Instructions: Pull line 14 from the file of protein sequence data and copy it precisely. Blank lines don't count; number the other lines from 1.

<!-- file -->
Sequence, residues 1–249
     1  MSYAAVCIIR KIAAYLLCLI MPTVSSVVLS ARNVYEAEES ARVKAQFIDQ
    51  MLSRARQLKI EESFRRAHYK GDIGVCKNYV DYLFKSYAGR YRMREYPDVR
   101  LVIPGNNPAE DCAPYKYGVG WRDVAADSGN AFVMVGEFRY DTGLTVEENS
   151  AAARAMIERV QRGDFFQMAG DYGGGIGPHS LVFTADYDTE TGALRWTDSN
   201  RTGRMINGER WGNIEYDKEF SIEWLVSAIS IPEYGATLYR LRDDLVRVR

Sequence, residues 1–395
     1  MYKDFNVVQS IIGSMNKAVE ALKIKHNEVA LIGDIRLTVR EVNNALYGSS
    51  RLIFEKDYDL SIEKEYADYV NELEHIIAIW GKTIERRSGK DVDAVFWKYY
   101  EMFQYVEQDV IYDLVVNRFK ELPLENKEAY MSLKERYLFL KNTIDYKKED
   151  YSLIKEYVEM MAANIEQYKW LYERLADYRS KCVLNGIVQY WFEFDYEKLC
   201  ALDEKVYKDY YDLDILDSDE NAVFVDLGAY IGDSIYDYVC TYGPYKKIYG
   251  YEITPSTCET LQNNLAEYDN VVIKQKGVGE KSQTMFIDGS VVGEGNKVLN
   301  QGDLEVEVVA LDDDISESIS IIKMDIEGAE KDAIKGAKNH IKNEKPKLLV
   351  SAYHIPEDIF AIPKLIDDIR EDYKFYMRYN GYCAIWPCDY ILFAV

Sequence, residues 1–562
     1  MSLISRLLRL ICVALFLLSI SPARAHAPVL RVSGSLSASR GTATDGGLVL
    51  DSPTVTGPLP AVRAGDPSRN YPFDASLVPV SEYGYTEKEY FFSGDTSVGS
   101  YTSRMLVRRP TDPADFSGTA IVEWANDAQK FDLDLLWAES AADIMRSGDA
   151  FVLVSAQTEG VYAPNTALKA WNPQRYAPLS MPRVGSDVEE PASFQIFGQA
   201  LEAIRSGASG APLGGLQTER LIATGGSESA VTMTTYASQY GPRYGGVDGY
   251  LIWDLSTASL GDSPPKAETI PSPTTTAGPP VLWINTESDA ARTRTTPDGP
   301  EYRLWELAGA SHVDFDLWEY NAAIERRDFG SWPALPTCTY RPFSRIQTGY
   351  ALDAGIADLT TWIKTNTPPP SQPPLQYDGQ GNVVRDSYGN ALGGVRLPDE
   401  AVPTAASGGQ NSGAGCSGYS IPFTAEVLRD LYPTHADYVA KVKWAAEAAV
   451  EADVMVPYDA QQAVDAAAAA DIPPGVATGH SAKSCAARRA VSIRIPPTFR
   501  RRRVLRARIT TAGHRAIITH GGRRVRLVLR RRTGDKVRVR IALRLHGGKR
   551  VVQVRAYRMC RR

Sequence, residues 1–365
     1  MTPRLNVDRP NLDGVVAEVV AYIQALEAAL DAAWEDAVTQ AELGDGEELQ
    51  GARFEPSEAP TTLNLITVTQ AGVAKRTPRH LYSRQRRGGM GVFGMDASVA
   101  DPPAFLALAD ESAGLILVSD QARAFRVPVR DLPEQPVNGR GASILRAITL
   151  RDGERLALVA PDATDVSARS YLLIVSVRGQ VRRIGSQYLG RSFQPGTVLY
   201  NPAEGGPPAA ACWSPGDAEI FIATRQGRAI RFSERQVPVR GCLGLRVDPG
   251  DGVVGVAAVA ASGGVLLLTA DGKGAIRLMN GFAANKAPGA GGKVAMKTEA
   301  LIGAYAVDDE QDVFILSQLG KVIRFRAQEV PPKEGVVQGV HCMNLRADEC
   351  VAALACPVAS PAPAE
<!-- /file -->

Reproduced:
   301  QGDLEVEVVA LDDDISESIS IIKMDIEGAE KDAIKGAKNH IKNEKPKLLV